Unlike a lot of 3-D platformers from the late 90’s, Rayman 3D is not inspired by, nor is it a clone of, Super Mario 64. Instead, Rayman 3D takes a fairly linear approach that focuses more on straight-up platforming than exploration, which leads to one of the game’s biggest strengths: the level design. Rayman 3D's levels feature lots of fun platforming and, especially for its time, a good amount of variety. From using an indestructible plum to cross a lava flow, to lighting a powder keg with a torch and using it to fly to your next destination, to riding a missile with legs through an obstacle course as if it were a highly combustible horse, Rayman 3D definitely knows how to keep things interesting. It's really not hard to see why it was so highly regarded back in 1999. And yes, you do all of that stuff in the game. And yes, it is ridiculous, but at least it’s not out of place in a game where I can’t even tell you what the main character is supposed to be, right?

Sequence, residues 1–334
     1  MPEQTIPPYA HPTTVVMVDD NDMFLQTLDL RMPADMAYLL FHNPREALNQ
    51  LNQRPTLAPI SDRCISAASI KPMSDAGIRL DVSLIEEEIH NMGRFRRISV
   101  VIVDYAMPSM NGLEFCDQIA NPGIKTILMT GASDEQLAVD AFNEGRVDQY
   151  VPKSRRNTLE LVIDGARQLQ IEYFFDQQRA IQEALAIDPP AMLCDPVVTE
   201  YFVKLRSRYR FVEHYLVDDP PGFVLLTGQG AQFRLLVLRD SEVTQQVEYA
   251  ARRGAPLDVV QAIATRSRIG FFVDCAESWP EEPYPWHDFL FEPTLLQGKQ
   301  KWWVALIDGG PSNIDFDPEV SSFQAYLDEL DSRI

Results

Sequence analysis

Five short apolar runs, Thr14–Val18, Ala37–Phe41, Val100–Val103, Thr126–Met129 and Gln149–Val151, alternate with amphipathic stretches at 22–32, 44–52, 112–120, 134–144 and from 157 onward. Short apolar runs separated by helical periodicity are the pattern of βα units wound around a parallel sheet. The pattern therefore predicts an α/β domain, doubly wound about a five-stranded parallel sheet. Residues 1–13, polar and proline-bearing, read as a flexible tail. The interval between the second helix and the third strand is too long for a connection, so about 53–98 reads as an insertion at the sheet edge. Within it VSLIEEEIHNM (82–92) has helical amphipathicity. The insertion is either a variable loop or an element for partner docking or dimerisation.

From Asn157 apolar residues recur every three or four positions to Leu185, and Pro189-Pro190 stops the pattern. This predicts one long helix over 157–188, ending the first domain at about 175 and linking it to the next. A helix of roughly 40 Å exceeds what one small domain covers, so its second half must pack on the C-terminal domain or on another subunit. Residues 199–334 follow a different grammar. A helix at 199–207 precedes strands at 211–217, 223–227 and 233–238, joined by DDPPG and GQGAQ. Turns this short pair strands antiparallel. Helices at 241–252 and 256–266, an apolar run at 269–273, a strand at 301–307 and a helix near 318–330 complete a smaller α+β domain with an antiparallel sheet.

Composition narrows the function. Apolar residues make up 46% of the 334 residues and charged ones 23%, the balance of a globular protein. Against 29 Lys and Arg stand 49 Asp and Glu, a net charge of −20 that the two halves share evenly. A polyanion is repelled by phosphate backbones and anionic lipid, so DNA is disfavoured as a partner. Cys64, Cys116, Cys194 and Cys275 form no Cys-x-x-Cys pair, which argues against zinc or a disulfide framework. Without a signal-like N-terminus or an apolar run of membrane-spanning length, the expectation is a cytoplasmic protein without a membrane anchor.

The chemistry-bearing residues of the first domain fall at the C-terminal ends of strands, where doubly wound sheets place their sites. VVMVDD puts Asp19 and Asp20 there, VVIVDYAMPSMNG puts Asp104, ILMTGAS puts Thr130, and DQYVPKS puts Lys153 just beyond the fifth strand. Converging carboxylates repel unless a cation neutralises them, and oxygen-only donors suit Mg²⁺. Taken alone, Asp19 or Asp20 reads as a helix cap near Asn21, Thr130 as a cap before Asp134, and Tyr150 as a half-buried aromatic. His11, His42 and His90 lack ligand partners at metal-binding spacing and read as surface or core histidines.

But although it’s not a Super Mario 64 clone, the game isn’t devoid of item collecting. Far from it, actually. Scattered throughout the game’s levels and sometimes even trapped in cages are yellow fairies referred to in-game as “Lums,” and there are times when you will need a certain number to access a new area. There are 1,000 in the game, although to complete the game, you aren’t going to need nearly that many. Now, if you DO get all of the yellow Lums in a level, as well as break all of the cages, you are allowed access to the bonus stage. In it, you must help one of Rayman’s friend Globox’s babies win a race by tapping the "A" and "Y" buttons repeatedly. If you win, a fairy will fully restore Rayman’s health....but considering that most of the actually dangerous hazards in the game kill you in one hit, (in which case, you’ll respawn with full health anyway) it’s honestly kind of useless. In addition to yellow Lums, there are red Lums that restore your health, orange Lums (recognizable by their demented grins) that seem to extend your health if you get enough, green Lums that act as checkpoints, and blue Lums that replenish some of Rayman’s air when he’s underwater.